The main thing is that the bearing is central to the quill and aligned with its couterpart, that its face hits a proper register, that the outer ring won't spin, that it is supported enough not to distort from pressure of the rollers.

I don't see anything wrong with your multiple shim idea, except that I would suggest more of them so the gaps between them are minimal -- so the rollers won't distort the outer ring.

The face register should align the bearing (if proper itself), the shims if sized right and uniform thickness should prevent spinning and should keep the bearing centrally located.




I love it when a Plan B comes together!
Steve
www.sredmond.com

Offline Canobi

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Re: Dore Westbury Mk1 Mill Restoration, finishing and one or two mods.
« Reply #13 on: June 30, 2018, 07:44:42 PM »
Canobi, what is the difference in diameters that you have?

Seems to me if they are the right thickness, and uniform in thickness, that multiple shims are no less secure than a corrugated whatzit.

The main thing is that the bearing is central to the quill and aligned with its couterpart, that its face hits a proper register, that the outer ring won't spin, that it is supported enough not to distort from pressure of the rollers.

I don't see anything wrong with your multiple shim idea, except that I would suggest more of them so the gaps between them are minimal -- so the rollers won't distort the outer ring.

The face register should align the bearing (if proper itself), the shims if sized right and uniform thickness should prevent spinning and should keep the bearing centrally located.

The OD of old bearings is 2.25", new ones are 2.24".

Offline awemawson

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Re: Dore Westbury Mk1 Mill Restoration, finishing and one or two mods.
« Reply #14 on: July 01, 2018, 01:35:24 AM »
If they are sold as 2.25" bearings and are in fact 10 thou under size they are faulty and should be replaced by your supplier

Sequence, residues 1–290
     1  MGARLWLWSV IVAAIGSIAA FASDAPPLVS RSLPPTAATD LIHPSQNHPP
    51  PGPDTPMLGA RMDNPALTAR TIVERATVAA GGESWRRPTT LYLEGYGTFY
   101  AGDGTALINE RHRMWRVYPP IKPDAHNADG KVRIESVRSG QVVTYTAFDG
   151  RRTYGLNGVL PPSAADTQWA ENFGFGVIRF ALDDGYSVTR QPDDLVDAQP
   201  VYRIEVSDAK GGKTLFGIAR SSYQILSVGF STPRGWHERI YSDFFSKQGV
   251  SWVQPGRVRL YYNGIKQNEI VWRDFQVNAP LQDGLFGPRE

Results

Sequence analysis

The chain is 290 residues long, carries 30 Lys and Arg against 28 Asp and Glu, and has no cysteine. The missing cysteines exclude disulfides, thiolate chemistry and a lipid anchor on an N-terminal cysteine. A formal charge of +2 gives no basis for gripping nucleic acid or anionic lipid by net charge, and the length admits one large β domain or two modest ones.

I'd assumed that it was the housing that was the problem. Bearing outer diameters should be within tenths of a thou of nominal
« Last Edit: July 01, 2018, 04:22:56 AM by awemawson »
Andrew Mawson
East Sussex

Offline vtsteam

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Re: Dore Westbury Mk1 Mill Restoration, finishing and one or two mods.
« Reply #15 on: July 01, 2018, 06:40:39 AM »
Yes I was asking what is the size of thfe bearing and the housing, not the other bearing, and in thousandths at leasr, not hundredths.
I love it when a Plan B comes together!
Steve
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Offline awemawson

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Re: Dore Westbury Mk1 Mill Restoration, finishing and one or two mods.
« Reply #16 on: July 01, 2018, 07:22:50 AM »
Looking at the list of bearing sizes on the Simply Bearings site, 2.24 IS one standard as is 2.25 so I reckon you've been supplied with the wrong size
Andrew Mawson
East Sussex

Offline Canobi

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Re: Dore Westbury Mk1 Mill Restoration, finishing and one or two mods.
« Reply #17 on: July 01, 2018, 07:37:43 AM »
The fault lies with me, they were indeed touted as 2.24" (from simply bearings in fact) and being a noob I just assumed they would be the same as the old ones.

Took a fair bit of searching last night and this morning but I finally found and acquired a pair of tolerance rings that were the correct size for my bearings, so I'll be carefully extracting the new races from the quill later.

Right now I'm prepping for hot blacking/brassing some of the bolts and levers. I just knocked together a quick and dirty rig using a dead three jaw chuck that came with my lathe for holding them while I heat and coat them. The chuck spins freely on the bar so I can turn it as I work on the parts:




Offline Canobi

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Re: Dore Westbury Mk1 Mill Restoration, finishing and one or two mods.
« Reply #18 on: July 01, 2018, 12:59:43 PM »
Hey guys  :wave:

I heat blacked the column support casting bolts today and my rig turned out to be very useful.

Wasn't too happy with the results of the first try though, was more dirty brown than solid black. I changed it for a fresh silver one and this time I brushed off a dirty white looking oxide layer that develops as it gets hot.